Getting your third party administrator bond with problematic finances can be tough. We offer our Bad Credit Surety Bonds program to help applicants with low credit scores, tax liens, bankruptcies, or civil judgements to get the bonds they need.
For bad credit bonding, the rates are in the range of 5%-10%. With Lance Surety Bonds you always get a top bonding rate for your situation. Because of our close partnerships with a number of A-rated, T-listed surety companies, we can select the best bonding option for your particular case.
How do I get my third party administrator bond?
To get started, you can apply online right away to receive your free bond quote. Your exact bond price is available once you submit a full application with all necessary paperwork.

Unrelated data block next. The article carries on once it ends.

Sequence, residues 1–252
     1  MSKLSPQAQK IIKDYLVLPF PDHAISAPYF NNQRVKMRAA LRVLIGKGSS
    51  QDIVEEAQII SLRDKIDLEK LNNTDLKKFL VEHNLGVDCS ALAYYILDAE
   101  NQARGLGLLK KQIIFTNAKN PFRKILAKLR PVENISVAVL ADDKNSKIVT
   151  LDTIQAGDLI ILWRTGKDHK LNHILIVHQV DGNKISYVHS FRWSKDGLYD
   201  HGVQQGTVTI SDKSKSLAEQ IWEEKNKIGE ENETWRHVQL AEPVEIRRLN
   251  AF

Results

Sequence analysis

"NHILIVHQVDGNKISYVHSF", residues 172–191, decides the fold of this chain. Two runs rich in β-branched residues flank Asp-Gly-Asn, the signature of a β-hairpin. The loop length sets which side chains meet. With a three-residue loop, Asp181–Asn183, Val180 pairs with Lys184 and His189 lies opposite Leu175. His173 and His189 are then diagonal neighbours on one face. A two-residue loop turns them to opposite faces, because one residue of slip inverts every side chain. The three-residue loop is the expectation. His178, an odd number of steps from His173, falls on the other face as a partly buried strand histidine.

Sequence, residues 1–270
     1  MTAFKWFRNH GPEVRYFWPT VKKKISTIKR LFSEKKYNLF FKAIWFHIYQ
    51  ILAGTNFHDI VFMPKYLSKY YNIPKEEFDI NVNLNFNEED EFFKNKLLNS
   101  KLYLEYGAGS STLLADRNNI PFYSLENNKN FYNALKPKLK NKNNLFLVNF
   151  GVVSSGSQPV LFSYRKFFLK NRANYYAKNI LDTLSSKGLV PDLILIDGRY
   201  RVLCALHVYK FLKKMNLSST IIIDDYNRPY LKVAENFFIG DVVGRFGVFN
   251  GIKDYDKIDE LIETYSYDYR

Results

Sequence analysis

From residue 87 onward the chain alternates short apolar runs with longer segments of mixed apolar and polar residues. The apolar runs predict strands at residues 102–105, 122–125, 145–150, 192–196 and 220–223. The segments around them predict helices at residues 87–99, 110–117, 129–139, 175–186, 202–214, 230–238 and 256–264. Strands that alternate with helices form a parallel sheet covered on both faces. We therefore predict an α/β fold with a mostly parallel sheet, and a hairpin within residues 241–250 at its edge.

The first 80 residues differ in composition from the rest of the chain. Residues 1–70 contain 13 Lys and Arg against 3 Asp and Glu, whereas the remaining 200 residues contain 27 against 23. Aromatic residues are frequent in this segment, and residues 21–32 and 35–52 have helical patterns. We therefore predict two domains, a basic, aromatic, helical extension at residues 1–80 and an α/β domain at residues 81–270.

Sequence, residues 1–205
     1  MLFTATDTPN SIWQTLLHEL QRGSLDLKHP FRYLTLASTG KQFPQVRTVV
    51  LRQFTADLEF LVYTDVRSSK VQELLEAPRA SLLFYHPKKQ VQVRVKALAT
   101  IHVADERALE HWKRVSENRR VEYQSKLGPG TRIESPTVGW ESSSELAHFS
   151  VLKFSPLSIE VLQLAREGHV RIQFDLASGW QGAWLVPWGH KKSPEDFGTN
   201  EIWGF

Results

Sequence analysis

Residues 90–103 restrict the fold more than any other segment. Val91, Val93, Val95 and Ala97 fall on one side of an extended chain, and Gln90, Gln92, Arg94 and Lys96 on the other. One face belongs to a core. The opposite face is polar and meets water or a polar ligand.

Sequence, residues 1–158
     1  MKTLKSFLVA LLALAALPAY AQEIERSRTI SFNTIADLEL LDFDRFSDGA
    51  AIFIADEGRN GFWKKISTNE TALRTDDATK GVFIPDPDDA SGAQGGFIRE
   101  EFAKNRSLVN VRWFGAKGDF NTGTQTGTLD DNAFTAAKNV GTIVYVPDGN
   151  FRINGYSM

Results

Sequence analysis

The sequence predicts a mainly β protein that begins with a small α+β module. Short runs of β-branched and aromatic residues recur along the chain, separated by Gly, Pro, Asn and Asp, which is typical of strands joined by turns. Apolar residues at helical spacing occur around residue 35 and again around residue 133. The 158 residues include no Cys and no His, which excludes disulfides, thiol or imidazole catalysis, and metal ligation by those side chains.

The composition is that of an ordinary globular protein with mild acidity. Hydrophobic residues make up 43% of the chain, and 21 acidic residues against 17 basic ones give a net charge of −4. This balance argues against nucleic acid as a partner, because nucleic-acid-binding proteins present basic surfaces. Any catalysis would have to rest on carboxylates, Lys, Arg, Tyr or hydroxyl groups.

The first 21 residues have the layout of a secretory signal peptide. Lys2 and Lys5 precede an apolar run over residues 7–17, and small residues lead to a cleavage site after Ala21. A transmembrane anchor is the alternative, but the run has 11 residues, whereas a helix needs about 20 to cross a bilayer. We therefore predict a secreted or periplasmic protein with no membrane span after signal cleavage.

If you would like to learn more about the bonding process, you can always refer to our How to Get Bonded page.
Need more help? Don’t hesitate to call us at (877) 514-5146. Our bonding specialists will be happy to assist you.
What happens if there’s a claim against my third party administrator bond?
Bonds work differently from insurance in that they protect your customers, not you. You can face a claim against your bond from an affected party if you break the rules. If the claim is valid, you will have to reimburse the claimant up to the penal sum of your bond. Initially your surety will cover the costs, but you will have to return all payments in full.
Claims are a serious threat for your business. They can prevent you from getting bonded in the future, and can harm your reputation as well. That’s why avoiding them is the best course of action.